Albemarle County Schools takes action against heat a year after lawsuit

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ALBEMARLE, Va. (CBS19 NEWS) — Last fall, Albemarle County Schools was faced with a lawsuit due to a soccer player nearly dying of extreme heat illness after a summer practice.

In July 2017, Patrick Clancy came home from Monticello High School’s soccer practice barely able to walk. He had spent two hours on a turf field on the second day of a heat advisory. It is a day his mom, Emily Clancy, said she will never forget. She said when she saw him, she knew immediately something was wrong.

"I put him in the tub and he's getting worse,” said Clancy. “His fingers were was traveling up and he...couldn't breathe. He was trying."

Patrick ran out of water at practice and had stopped sweating. Emily said if she had not rushed him to the hospital when she did, he could have died from what doctors said was “exertional heat illness.”

"Patrick would have laid down and you're a ticking time bomb,” said Clancy. “His body had stopped trying to cool itself off."

Emily said they were not going to file a lawsuit against Albemarle County Schools until the athletic director of Monticello High School, Matthew Pearman, and soccer coach at the time, Stuart Pierson, did not take responsibility for not following guidelines.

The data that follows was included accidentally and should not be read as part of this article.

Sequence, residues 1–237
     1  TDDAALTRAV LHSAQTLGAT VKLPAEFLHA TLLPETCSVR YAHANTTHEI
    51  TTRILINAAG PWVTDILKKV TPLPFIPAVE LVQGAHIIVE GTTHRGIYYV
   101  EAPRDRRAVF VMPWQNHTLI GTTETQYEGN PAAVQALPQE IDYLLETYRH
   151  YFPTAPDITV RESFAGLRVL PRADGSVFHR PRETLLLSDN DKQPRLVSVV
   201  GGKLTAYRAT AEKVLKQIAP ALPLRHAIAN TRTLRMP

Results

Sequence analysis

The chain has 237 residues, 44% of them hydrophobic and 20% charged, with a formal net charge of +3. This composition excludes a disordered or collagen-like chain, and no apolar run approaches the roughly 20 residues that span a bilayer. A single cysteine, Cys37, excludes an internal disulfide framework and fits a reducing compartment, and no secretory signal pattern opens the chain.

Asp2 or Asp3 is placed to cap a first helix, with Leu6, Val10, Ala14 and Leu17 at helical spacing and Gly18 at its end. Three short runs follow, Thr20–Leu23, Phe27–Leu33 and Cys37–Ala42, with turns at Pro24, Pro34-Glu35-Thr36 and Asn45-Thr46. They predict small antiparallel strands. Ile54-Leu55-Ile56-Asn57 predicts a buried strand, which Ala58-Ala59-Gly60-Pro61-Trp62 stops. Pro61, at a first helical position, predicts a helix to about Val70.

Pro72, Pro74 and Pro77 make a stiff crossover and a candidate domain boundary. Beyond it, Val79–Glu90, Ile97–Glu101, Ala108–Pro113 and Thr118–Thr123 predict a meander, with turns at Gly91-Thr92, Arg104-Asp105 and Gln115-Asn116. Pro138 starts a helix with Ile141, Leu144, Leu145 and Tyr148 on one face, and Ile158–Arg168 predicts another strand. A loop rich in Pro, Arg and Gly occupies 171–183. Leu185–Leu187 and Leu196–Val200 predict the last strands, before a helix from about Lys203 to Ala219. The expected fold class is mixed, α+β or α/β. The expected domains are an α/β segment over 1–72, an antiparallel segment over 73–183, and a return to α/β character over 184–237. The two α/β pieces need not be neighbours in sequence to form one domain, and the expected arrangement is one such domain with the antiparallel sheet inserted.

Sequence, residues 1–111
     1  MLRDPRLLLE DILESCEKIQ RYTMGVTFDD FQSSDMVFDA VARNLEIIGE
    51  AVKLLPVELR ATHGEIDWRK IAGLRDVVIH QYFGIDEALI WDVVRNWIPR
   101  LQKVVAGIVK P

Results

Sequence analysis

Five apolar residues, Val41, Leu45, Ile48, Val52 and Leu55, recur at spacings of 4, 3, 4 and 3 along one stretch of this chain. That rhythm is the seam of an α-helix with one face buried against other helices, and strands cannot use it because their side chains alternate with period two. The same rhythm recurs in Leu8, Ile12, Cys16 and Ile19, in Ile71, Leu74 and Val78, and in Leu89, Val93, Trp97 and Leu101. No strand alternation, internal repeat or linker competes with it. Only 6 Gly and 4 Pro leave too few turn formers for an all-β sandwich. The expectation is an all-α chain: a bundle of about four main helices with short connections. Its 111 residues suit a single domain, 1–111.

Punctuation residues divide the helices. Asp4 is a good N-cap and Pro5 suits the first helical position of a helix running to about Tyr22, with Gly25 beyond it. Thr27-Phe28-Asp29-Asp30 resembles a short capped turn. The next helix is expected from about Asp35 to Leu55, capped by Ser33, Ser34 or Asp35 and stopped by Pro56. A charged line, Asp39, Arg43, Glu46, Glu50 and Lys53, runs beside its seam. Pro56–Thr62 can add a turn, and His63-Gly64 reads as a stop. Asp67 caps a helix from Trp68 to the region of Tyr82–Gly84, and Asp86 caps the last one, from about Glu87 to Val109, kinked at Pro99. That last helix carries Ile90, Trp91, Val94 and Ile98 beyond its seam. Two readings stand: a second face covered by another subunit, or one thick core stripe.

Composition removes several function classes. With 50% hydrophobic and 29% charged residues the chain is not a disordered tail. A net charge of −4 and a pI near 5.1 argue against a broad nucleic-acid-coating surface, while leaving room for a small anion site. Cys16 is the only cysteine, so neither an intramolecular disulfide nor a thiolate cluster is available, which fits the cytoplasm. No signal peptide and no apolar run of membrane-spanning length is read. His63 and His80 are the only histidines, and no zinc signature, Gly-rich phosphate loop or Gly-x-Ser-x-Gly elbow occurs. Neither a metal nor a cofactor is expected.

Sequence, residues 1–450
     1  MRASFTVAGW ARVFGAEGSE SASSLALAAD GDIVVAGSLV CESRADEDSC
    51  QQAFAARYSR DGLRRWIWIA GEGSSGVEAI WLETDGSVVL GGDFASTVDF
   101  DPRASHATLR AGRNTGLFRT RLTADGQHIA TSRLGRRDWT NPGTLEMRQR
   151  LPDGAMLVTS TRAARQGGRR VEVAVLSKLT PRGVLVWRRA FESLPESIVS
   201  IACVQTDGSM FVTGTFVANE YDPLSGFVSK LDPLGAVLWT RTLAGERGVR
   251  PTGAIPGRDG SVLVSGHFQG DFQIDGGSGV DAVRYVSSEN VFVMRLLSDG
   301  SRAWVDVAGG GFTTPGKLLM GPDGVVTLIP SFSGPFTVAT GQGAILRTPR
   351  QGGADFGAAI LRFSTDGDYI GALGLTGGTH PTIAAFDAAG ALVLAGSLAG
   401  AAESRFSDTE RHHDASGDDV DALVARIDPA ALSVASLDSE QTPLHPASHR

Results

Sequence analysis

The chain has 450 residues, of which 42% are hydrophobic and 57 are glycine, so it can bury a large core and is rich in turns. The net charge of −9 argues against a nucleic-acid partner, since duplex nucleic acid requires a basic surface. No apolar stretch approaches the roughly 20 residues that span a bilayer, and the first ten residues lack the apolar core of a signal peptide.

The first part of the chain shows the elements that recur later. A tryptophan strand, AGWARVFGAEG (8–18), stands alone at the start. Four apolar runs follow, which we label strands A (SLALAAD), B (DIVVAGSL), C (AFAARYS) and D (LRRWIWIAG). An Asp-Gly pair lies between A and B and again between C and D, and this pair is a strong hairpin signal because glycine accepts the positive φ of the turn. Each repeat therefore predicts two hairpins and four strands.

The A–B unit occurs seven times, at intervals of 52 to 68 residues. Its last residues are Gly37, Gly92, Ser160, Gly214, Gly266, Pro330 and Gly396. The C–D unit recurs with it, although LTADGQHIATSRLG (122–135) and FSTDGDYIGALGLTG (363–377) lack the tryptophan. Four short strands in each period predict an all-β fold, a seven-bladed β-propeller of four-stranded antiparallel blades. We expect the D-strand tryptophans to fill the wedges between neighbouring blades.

"I really expected them to do the right thing,” said Clancy. “I said 'Just come out and say, we messed up. We didn't have water, and shade and trainers. And we didn't do anything that we were supposed to do but we will make sure this never happens again.' They didn't do that. Instead, they blamed us and my sons for what happened to them."

The lawsuit is currently still pending. However, since Emily brought her concerns to the county, the Health Advisory Board has set new mandatory guidelines. The athletic director of Western Albemarle High School, Steve Heon, said athletic trainers are now required to be at all summer practices: a rule that started this summer.

"Our trainer is on-site whenever we have a summer practice to monitor weather conditions throughout their practice from the start,” said Heon.

Heon said they also make sure coaches and athletes know signs of heat illness.

"Our coaches have to take an online course each year,” said Heon. “Our coaches aren't allowed to be out coaching unless they handle their educational responsibilities."

Emily said she wants to make sure all schools are following these same precautions.

"It's all about accountability,” said Emily. “And if that doesn't happen then bad things will continue to happen."

Patrick has left Monticello High School and has not played soccer on a team since his heat illness. Emily said he has never fully recovered.

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